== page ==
Sullivan (whom Marley had blamed for the incidents) to carry out the procedures. The director ultimately
said: “The…cases of Government repairs to private automobiles mentioned by Col. Marley seem to fall within this
class, and are justified upon the same basis”.
Throughout World War II, James P. Marley was promoted to higher positions until he became a Brigadier General in 1940
and eventually a temporary Major General in 1941. He commanded the 8th Infantry Division from
December of 1941 until February of 1941, and then again from April of 1941 until July of 1942, when he was replaced by General
Paul E. Peabody. Marley then went to become a Commanding Officer at the U.S. Disciplinary Barracks, and
retired when he was 60 years old, in November, 1942.
The 8th Infantry Division, of which Marley was a Major General for at two difference times, was nicknamed
the “Golden Arrow Division” or “Pathfinder” in WWII because of its insignia. The
Insignia itself represents John Fremont, a 19th century explorer of California as the division was formed in California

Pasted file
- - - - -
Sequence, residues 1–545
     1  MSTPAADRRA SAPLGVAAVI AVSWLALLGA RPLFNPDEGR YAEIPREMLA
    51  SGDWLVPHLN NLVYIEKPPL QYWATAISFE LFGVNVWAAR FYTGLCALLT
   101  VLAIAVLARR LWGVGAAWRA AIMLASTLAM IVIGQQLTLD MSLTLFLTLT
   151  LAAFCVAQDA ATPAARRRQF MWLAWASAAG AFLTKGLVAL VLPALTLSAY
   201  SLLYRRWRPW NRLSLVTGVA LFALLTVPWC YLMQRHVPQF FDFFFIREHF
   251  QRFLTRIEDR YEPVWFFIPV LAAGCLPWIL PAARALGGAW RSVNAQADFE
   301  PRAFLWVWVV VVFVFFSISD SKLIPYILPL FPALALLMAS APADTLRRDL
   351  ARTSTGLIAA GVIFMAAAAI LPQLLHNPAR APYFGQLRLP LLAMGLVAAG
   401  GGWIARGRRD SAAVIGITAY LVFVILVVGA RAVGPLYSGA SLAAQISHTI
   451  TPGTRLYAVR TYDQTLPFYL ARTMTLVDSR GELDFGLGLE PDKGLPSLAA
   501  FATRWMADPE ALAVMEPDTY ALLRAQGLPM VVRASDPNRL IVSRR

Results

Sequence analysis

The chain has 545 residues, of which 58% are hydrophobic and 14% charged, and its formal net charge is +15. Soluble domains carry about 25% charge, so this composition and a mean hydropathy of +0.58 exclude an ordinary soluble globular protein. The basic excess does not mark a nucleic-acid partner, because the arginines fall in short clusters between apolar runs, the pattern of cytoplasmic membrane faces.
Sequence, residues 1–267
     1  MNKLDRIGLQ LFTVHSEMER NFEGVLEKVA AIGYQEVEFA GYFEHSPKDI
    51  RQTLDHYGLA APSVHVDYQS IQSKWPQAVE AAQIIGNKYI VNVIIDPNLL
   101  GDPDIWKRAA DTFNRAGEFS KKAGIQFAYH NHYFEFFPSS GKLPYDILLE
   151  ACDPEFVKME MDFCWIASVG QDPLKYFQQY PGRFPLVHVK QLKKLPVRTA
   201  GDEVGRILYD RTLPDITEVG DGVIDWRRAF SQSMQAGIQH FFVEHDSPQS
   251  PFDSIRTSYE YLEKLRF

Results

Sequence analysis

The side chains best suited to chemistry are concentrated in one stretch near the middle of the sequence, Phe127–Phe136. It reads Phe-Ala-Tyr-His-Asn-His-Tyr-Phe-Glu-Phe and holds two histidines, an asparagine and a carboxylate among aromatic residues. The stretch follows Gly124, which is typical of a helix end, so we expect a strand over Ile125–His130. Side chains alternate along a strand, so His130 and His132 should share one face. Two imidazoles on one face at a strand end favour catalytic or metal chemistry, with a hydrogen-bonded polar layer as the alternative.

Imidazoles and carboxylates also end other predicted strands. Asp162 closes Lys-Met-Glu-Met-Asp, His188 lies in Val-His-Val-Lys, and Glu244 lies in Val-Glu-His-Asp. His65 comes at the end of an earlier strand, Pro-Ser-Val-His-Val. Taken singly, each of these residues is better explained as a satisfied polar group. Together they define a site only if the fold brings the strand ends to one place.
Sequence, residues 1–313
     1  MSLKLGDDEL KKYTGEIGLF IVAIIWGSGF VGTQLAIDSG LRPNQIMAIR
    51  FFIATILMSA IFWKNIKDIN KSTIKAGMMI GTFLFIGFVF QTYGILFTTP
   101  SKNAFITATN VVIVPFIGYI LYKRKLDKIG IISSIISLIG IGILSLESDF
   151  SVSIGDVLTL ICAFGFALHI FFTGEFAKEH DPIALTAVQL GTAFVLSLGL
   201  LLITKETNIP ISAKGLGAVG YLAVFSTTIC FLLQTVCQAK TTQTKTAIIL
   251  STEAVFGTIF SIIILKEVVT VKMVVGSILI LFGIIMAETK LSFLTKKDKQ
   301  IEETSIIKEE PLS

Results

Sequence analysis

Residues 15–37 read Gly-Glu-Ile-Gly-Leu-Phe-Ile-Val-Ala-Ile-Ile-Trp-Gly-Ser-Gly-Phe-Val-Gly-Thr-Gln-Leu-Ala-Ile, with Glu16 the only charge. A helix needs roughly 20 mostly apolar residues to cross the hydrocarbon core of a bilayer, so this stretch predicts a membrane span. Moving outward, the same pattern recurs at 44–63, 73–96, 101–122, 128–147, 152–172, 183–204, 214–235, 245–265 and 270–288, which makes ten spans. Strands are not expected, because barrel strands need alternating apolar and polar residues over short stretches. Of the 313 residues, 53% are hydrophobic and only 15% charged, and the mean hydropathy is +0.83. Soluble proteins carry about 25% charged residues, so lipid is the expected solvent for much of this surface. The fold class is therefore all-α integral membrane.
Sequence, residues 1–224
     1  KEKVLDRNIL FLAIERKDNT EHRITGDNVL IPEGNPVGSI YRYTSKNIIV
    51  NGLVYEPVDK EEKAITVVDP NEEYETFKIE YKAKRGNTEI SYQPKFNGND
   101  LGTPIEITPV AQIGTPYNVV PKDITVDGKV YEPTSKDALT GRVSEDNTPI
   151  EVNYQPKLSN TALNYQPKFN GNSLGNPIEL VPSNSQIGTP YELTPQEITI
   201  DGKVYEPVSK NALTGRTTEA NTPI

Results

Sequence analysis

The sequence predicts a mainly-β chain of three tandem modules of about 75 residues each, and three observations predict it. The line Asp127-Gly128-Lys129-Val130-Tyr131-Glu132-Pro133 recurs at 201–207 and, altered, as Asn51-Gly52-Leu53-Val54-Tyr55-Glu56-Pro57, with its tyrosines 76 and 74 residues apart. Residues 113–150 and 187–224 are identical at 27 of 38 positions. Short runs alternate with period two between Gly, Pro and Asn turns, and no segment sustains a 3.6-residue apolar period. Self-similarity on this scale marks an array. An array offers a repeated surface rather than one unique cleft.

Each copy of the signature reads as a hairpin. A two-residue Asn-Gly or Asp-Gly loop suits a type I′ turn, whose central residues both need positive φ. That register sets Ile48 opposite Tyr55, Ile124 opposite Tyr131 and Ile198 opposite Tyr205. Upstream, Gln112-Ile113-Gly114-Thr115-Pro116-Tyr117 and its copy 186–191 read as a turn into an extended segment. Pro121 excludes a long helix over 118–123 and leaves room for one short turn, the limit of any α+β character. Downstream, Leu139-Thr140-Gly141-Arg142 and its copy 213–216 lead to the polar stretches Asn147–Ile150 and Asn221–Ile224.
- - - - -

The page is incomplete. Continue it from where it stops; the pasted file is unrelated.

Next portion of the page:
in the year 1918.
In WWI, directly after being formed, the division was sent to France but they then returned and were
deactivated without ever being sent into battle. However, in WWII the division was sent to Utah Beach in
Normandy on just weeks after D-Day, on July 4, 1944, and went on to capture French cities and head into Rhineland and Germany.
There, along with 82nd Airborne Division, they encountered the Wöbbelin subcamp of the Neuengamme concentration
camp near Ludwigslust, which had been set up specifically to keep the Allies from liberating the prisoners. The
Division was ultimately recognized in 1988 by the U.S. Army's Center of Military History and the United States Holocaust Memorial
Museum as a liberating unit for their actions.
Denslow, William R., and Harry S. Truman. 10,000 Famous Freemasons. Whitefish, Mont.: Kessinger, 2004.
Arpin, Edmund P., and Ira Berlin. "A Wisconsinite in World War I: Reminiscences of Edmund P. Arpin,
Jr. (Part I: Initiation)" The Wisconsin Magazine 51.1 (1967): 3-25. Wisconsin Historical Society. Jstor.
Gabel, Christopher R. The U.S. Army GHQ Maneuvers of 1941. Washington, D.C.: Center of Military
History, U.S. Army, 1992.
Select Committee on Expenditures in the War Department, House,
United States Congress. War Expenditure: hearings before subcommittee no. 5 of the war on expenditures, Vol. 3. 1920.
Cullum, George Washington, and Edward Singleton Holden. Biographical Register of the Officers and Graduate
of the U.S. Military Academy at West Point, New York (1910-1920). Ed. Wirt Robinson.
International Who's Who in Poetry. Vol. 2.